Brad and I are both certified nutrient management planners, so we started our day with one of TEAGASC’s nutrient management, Michael Quinn. Michael showed us the system that TEAGASC uses. In Ireland, farmers who are want to intensive must have a nutrient management plan. When farmers produce more then 179 kg of nitrogen per ha or when they have .81 cows per acre then they must have a nutrient management plan and they are regulated to follow it. Farmers must have soil samples done with a sample done for about every 5 ha, turn in records for fertilizer and slurry applications, records for feed inputs, and they must also turn in receipts. Farmers can be inspected at any time and receipts will be checked at that time to make sure they match. Those farmers who produce less then 175 kg of nitrogen per ha are not regulated, but they must have a nutrient management plan. They could be inspected if there is a problem or if their name is pulled out of the lottery system.
Brad and I then took some time at lunch to visit Mullingar Pewter Factory.
Then we traveled to the farm of Billy Small for a beef discussion group facilitated by David. Billy is a full time farmer with his son Jason. They have sucker cows, finish some of their calves for the factory, sheep, and grow spring barley. The farm is about 200 acres with primarily ryegrass, but also some meadow grasses as well. Billy has dominately saler cows with some crossed with charolais. He has a charolais bull and a Belgium blue cross bull. The discussion group discussed the situation with sillage and rainy weather in recent weeks and the Euro Star reports that they all just received. Ireland currently has a new scheme (program) for farmer to get a certain percentage of their herd genomic tested and also they have rated the farmers herd based on euro value each cow adds back to the farm. This is very similar to the EPD of $BEEF in the U.S. Through this report, farmers can make better management decisions. Brad and I also talked about the Virginia’s cow-calf systems and the differences in our grazing heights. Ireland’s grazing system is mainly based on perennial ryegrass and graze grass very tight. In Virginia using tall fescue and orchard grass, we recommend grazing till about 3 inches is left as the plants’s carbohydrate storage is in that section of the plant needed for regrowth.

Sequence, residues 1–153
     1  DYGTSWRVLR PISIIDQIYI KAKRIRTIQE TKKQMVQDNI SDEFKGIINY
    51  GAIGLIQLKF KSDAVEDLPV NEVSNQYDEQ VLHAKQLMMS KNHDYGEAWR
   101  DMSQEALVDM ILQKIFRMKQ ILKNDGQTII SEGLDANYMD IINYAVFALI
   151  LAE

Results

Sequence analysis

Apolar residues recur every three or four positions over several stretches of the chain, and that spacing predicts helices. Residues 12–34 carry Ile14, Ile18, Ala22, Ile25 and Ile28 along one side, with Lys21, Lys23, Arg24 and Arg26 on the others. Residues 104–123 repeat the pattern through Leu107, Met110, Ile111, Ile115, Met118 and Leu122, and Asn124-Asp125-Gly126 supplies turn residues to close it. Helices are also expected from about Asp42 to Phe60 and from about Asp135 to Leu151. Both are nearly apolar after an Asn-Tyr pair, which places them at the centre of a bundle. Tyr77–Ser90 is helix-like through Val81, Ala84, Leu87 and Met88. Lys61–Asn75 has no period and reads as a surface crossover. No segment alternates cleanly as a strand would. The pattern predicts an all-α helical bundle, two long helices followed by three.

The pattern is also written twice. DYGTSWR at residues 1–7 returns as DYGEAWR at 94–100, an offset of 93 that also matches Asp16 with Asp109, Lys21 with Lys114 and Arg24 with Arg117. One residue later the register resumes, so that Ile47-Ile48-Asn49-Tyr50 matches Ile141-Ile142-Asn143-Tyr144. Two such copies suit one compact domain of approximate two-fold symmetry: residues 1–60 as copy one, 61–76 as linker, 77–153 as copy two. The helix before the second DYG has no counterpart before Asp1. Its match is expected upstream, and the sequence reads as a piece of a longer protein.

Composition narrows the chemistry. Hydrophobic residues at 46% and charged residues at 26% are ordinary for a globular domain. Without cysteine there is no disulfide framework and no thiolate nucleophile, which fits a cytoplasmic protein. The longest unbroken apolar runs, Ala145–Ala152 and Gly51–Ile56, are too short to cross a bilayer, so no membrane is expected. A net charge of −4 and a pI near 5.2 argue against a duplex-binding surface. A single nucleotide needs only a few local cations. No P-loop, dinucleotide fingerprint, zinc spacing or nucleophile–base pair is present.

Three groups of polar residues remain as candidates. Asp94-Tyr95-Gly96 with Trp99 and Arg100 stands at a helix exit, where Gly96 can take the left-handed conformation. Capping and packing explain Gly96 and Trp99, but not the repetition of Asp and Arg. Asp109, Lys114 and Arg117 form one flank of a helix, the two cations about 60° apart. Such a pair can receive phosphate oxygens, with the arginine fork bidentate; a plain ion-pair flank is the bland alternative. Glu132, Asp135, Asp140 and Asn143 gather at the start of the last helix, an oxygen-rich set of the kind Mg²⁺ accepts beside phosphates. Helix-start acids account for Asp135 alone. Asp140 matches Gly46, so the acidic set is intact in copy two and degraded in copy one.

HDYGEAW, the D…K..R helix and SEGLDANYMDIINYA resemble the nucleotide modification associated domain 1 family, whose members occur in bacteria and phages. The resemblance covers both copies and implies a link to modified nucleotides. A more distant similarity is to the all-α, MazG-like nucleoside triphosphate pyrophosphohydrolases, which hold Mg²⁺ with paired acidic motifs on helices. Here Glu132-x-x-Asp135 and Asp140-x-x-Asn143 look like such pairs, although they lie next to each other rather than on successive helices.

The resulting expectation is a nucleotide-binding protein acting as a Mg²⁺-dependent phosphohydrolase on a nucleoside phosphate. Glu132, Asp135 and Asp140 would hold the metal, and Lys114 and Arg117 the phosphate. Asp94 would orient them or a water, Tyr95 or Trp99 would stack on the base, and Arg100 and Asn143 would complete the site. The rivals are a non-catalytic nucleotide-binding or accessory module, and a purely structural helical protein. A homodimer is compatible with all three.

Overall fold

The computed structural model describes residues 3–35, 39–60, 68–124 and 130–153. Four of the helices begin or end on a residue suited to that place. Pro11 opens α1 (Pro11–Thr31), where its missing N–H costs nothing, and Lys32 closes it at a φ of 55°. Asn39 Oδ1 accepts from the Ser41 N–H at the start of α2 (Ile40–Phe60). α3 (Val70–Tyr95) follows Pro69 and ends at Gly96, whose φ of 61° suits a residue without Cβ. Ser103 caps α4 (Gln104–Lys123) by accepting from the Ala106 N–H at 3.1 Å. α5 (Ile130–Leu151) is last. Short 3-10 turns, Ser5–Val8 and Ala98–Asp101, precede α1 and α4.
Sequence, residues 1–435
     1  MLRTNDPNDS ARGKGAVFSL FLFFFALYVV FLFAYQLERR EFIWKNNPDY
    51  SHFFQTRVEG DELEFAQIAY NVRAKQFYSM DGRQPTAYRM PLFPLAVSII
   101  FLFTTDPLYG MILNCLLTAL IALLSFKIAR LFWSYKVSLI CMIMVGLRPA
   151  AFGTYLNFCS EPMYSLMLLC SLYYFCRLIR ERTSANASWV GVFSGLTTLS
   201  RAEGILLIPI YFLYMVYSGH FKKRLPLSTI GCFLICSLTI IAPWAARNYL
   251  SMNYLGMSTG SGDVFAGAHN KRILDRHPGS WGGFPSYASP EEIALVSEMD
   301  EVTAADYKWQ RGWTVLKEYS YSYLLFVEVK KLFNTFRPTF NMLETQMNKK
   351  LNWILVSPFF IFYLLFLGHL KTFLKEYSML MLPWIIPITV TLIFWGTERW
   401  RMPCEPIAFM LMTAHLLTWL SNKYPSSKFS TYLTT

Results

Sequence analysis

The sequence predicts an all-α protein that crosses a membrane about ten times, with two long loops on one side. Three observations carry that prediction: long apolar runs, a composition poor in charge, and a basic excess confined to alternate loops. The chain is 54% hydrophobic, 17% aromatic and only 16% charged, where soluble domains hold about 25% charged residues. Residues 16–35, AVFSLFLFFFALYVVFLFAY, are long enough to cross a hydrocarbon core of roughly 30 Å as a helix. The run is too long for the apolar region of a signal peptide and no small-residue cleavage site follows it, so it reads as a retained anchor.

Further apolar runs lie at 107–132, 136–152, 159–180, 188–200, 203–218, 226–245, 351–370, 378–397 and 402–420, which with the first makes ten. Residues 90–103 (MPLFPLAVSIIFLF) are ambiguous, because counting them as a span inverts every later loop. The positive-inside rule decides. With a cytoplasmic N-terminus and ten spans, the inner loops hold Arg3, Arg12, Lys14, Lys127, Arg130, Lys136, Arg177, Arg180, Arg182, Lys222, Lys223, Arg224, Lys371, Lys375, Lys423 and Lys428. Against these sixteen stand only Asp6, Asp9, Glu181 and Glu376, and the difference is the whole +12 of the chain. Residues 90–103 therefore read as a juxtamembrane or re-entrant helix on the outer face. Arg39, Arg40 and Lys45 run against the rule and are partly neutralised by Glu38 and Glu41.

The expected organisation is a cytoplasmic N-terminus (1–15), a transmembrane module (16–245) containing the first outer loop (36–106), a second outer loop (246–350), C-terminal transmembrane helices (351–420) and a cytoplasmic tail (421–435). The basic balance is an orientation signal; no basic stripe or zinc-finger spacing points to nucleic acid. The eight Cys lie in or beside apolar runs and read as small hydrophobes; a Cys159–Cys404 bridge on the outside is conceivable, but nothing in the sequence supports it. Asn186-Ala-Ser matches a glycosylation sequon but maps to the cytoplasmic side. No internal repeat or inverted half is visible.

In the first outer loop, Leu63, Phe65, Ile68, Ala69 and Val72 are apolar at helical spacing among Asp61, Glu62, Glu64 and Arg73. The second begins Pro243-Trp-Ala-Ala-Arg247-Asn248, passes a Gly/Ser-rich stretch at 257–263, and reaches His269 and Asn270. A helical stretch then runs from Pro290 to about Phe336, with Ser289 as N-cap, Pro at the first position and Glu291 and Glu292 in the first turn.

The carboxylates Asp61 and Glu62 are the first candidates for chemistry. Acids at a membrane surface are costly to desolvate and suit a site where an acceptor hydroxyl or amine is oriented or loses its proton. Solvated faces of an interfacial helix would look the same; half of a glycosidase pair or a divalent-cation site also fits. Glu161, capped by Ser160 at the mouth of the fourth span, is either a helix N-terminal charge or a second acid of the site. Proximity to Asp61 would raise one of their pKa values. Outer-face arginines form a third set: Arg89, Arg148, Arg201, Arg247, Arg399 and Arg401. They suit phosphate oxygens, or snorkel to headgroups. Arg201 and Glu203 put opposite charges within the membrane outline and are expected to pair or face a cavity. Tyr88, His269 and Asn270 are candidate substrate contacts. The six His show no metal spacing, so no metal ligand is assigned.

After the discussion group, we were able to see inside of the church beside the farm with his son Jason. The church was built in 1659, but records show that a place of workshop had been at the site since 900s.